Dechlorination with carbon – Catalytic activated carbon found in many RO/DI systems detoxifies chlorine, but its effectiveness is highly dependent upon flow rate, media volume, and media freshness.

Removal of chlorine with carbon: C + 2HOCl ? CO2 + 2H+ + 2 Cl-

Pros: easy
Cons: expensive, carbon filters must be replaced frequently

Dechlorination with commercial products – Most commercially available dechlorinator solutions contain sodium thiosulfate (Na2S2O3) and convert Cl2 and HOCl to harmless sodium tetrathionate (Na2S4O6) and sodium chloride.

2 Na2S2O3 + Cl2 ? Na2S4O6 + 2 NaCl

2Na2S2O3 + HOCl ? Na2S4O6 + NaCl + NaOH

Some dechlorinators use sodium bisulfite (NaHSO3) or sodium sulfite (Na2SO3) instead.

NaHSO3 + HOCl ? NaHSO4 + HCl

Na2SO3 + HOCl ? Na2SO4 + HCl

Since these reactions occur instantly, the dechlorinator need not be mixed with tap water prior to adding it to the tank. It can be introduced as the replacement water is being added.

Questions often arise regarding whether the whole tank or just the amount of water being added should be treated. The directions on these products usually indicate that only the amount of new water added need be treated. Double dosing carries no serious risks, however, and may be necessary in areas where the chlorine concentration is particularly high. As a precaution, I always double dose. One should be aware that some products contain slime coat enhancers that may cause foamy water if overdosed excessively. Otherwise, dechlorinator salts are so dilute, inert, and harmless that they should not cause any problems even if they are accidentally overdosed.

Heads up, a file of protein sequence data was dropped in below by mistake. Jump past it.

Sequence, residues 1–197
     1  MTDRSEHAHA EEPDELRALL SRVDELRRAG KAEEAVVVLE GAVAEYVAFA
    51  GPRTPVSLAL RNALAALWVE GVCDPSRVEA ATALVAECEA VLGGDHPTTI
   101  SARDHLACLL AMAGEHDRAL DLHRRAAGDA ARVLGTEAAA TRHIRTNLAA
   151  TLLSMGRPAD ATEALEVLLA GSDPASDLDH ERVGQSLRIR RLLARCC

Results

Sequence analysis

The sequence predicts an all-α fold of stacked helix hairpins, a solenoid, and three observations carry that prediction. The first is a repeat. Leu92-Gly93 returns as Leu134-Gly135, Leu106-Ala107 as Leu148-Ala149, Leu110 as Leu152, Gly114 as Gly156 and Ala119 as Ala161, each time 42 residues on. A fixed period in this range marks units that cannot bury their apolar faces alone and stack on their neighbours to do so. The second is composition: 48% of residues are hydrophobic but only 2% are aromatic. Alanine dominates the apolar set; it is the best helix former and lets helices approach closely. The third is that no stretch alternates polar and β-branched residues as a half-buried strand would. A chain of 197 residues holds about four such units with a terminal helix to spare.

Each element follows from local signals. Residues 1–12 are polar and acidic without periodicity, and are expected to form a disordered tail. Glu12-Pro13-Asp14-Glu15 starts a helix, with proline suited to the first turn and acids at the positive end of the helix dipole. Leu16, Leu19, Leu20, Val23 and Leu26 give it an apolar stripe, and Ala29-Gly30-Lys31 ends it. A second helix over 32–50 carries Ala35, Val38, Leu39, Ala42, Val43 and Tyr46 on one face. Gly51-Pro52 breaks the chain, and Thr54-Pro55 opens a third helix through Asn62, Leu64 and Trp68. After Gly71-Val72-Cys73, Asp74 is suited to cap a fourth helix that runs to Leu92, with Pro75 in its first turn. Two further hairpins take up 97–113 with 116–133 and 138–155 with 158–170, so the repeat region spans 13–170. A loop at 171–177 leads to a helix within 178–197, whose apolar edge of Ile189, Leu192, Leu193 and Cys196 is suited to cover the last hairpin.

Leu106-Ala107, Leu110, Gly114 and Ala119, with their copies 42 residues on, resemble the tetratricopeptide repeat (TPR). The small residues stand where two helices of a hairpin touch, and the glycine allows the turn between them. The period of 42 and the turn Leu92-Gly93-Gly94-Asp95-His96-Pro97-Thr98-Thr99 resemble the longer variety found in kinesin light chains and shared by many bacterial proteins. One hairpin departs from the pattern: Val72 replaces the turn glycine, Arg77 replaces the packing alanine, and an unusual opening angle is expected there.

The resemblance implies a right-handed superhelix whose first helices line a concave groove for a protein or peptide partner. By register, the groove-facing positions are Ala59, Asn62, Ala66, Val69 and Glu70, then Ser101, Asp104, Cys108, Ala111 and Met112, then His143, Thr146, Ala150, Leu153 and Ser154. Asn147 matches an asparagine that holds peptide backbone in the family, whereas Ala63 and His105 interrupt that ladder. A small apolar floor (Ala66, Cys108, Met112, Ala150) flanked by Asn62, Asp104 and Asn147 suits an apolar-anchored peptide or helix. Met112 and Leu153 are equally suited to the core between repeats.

One very important note should be made if chloramines are present. Sodium thiosulfate will neutralize the chlorine portion of chloramine. However, the free ammonia that is released in this reaction gives rise to an obvious problem since ammonia in small amounts is toxic to aquarium life. It would be far better to use products that specifically claim to safely remove chloramines.

Na2S2O3 + 4NH2Cl + 5H2O ? Na2SO4 + 2H+ + 4HCl + 4NH3

Pros: relatively inexpensive, products may also remove toxic metals (check label)
Cons: destroys chloramines, but generates equally toxic ammonia

Dechlorination/dechloramination with commercial products – It is important to check the label of the water conditioner to confirm that it detoxifies chloramines as well as chlorine. Such products often contain sodium hydroxymethanesulfonate (HOCH2SO3Na) since it breaks chloramines and detoxifies both chlorine and ammonia. The resulting aminomethanesulfonate (H2NCH2SO3Na) is nontoxic and is usually consumed by nitrifying bacteria in the biofilter.



NH3 + HOCH2SO3Na ? H2NCH2SO3Na + H2O

Pros: Pros: relatively inexpensive, products may also remove toxic metals (check label)
Cons: none

Conclusion: Considering the toxicity of chlorine and chloramines found in municipal tap water and the wide array of relatively inexpensive products available to remove them, there is no reason not to use dechlorinator with every water change. For an excellent review of several commercially available water conditioners, see


Hall, E.L. and A.M. Dietrich. 2000. A brief history of drinking water. Opflow, 26(6).

Lindsay, L. 2004. Tech Brief : Chlorination. On Tap. 4(2).

Friedman R (ed.). 1998. The Life Millennium: The 100 Most Important Events and People of the Past 1000 Years. Time-Life Books, New York.

Jolley, R.L. and J.H. Carpenter. 1983. A review of the chemistry and environmental fate
of reactive oxidant species in chlorinated water. In: Water Chlorination: Environmental
Impact and Health Effects, Vol. 4, R.L. Jolley et al., Ed. Ann Arbor Science, Ann Arbor,
MI. p. 3-47.

Clark, R.M. and M. Sivaganesan. 2002. Predicting Chlorine Residuals in Drinking Water: Second Order Model. J. Water Resour. Plng. and Mgmt., 128(2):152-161 .

Vikesland P.J., Ozekin, K., and R.L. Valentine. 2001. Monochloramine decay in model and distribution system waters. Water Res. 35(7):1766-76.

Cunliffe, D.A. 1991. Bacterial Nitrification in Chloraminated Water Supplies. Applied and Environmental Microbiology. 57(11): 3399-340